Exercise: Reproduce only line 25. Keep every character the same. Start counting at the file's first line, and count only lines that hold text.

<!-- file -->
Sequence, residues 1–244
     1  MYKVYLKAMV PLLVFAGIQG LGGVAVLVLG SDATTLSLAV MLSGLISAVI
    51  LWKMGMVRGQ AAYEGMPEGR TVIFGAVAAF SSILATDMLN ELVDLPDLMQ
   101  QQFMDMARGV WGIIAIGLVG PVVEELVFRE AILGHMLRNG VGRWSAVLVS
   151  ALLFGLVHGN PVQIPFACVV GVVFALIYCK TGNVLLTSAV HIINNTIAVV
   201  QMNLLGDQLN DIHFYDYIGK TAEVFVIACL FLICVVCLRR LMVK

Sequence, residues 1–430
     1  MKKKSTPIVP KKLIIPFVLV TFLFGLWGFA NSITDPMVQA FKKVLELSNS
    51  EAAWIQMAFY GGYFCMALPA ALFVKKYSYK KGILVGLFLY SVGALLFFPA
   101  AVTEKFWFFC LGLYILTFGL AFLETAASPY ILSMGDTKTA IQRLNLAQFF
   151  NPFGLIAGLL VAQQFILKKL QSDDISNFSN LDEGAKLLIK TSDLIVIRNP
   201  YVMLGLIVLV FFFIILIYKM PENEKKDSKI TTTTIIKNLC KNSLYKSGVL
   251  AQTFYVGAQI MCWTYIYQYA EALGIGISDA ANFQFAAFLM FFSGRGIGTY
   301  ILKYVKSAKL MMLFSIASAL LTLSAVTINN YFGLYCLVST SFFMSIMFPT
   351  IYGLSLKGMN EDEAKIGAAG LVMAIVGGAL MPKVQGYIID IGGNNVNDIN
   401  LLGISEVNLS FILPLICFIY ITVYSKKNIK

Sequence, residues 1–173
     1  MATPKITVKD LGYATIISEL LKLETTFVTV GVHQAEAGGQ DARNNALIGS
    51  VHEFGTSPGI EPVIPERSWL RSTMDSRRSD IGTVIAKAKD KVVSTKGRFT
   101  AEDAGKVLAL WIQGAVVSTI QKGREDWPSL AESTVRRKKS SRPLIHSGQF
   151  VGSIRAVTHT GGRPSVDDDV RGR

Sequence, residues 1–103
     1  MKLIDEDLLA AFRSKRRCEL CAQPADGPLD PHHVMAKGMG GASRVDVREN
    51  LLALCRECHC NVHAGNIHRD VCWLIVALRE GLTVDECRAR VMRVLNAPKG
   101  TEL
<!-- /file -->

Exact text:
   101  TEL